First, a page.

Lastly, please, stop using the term ‘Accidental homeschooling’. I agree with your guest that everything truly is learning, if only we could shift our perspectives. Whenever our kids are at home, they DO learn from us by our emotional availability and our actions. Chores and family rhythms are also ways that children learn at home. However, this public health crisis is an e-learning or distance learning time for public and private school students, and it would be helpful if you could correctly distinguish that from families that have been full-time homeschooling. Please reframe away from “Accidental homeschooling” and toward “distance education”, or a similar term since teachers are still writing the curriculum, lesson plans, learning activities, etc. and many are teaching via shared slides, audio files, and video calls.

  2. I agree with Jen and also found this episode extremely frustrating. Being a public school teacher, I had to stop listening and walk away from this episode. While homeschooling can be beneficial to students, and the resources are wonderful for parents who want to keep helping their child’s education, this episode took on a negative tone about our schools at a time when teachers are working in overdrive to convert their classrooms into virtual ones and begin the adventure of distance learning.

    It’s not perfect. My wife (also a teacher) and I have transformed our dining room into two different classrooms. Primary reading on the one side, middle school math on the other. In our efforts to do an immense of learning and re-configuring how we teach, we started working one day at 6:00 am and didn’t have breakfast until 1:45 pm. We were too locked in, trying our best to set up a program that would work for our students in this new environment. We know there are challenges that teachers and schools faced before this and our system isn’t perfect when we are in our physical classrooms. We know that the challenges will keep coming as we work to take our classrooms online. But every single teacher that we know is incredibly dedicated and working their best to make to continue the learning for our students.

    With that being said, putting in my headphones to listen to ChooseFI while taking my dog for a walk was supposed to be a way to relax and step away for a bit. Instead, I listened to an episode that was tone deaf to our current reality. It was frustrating, depressing, and ultimately the wrong message at the wrong time. There really is zero need to harp on teachers and schools and tell us why homeschooling is so much better and how you feel the system fails at what it is designed to do.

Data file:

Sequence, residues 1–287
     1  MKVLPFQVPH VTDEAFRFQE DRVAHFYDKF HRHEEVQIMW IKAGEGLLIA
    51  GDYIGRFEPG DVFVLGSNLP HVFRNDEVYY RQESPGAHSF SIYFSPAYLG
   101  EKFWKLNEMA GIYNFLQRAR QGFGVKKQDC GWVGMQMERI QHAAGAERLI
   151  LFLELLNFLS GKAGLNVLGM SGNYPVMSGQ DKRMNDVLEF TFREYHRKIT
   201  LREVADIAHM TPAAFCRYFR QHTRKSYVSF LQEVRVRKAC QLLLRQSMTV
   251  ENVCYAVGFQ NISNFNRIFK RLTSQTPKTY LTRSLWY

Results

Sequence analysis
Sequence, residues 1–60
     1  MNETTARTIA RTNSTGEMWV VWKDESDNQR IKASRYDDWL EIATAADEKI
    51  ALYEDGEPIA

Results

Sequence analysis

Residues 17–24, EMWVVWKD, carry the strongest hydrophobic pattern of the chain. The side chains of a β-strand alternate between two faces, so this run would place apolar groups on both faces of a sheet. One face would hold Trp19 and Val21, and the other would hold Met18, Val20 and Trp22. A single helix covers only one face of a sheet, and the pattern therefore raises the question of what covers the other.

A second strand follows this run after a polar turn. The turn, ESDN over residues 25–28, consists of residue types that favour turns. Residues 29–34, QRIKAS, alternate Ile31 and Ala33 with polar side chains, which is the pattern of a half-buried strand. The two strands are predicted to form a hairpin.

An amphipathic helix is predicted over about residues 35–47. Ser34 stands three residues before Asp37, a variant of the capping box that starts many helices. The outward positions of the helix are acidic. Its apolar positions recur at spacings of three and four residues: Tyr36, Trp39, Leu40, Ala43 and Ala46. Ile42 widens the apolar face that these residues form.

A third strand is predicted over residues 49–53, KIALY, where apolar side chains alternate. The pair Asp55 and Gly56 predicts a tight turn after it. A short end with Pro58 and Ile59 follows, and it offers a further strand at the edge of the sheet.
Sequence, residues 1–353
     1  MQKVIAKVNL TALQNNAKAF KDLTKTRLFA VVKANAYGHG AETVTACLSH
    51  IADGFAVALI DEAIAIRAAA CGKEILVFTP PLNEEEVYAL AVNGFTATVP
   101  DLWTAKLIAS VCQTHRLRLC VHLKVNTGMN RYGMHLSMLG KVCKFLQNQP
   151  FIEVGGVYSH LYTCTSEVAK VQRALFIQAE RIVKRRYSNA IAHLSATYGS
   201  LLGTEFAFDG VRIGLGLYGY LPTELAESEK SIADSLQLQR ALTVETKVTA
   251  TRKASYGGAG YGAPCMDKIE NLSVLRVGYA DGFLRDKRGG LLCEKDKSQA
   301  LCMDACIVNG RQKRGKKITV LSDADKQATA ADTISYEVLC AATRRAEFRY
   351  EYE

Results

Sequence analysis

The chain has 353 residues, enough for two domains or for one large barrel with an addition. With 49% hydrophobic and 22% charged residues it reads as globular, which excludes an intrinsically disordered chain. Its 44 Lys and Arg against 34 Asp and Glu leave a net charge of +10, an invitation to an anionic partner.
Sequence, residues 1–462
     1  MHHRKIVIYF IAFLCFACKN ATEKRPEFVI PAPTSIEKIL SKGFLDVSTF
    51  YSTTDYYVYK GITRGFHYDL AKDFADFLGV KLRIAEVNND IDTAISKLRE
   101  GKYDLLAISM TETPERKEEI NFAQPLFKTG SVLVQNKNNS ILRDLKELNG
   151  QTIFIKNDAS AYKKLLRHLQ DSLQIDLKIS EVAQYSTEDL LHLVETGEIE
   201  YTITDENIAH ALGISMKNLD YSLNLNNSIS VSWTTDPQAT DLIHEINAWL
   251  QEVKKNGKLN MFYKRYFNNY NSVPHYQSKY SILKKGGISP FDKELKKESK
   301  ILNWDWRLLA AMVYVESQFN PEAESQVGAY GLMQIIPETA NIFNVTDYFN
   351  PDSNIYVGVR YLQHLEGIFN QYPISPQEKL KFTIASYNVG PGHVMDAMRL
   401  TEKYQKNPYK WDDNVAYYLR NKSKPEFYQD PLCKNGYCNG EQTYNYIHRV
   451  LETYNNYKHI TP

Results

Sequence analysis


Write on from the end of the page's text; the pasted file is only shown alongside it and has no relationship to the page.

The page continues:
Wrong tone. Wrong message. Wrong timing. However, I do highly encourage anyone who is new to the ChooseFI community, and in education, please don’t let this episode ruin your ChooseFI experience. Brad and Johnathan do a wonderful job of communicating information and bringing relevant information to this community. This is simply one episode that completely missed the mark.

  3. This was not a frustrating episode for me. It is amazing at how sensitive some teachers get when discussing the idea of homeschooling. I don’t think homeschooling is right for everyone, but this was certainly a timely episode with an alternative point of view that should be heard.

  4. Oof, this episode was cringe-worthy for me. I went in being open-minded about homeschooling (we have a one year old), and the guest was pretty unimpressive and laissez-faire about the value of broad, foundational knowledge. “Everything is school” is such a half-baked refrain, it’s kind of embarrassing. I might recommend he read “Range: Why Generalists Triumph in a Specialized World” by David Epstein. If you don’t have basic cultural literacy, how can you connect with those who are different from you? Following your passions is fine advice, but it doesn’t teach the importance of communicating your ideas with another person who may be quite different from you.

    I feel like his kids are going to have some fairly sizable gaps in their understanding of the world…

Leave a Comment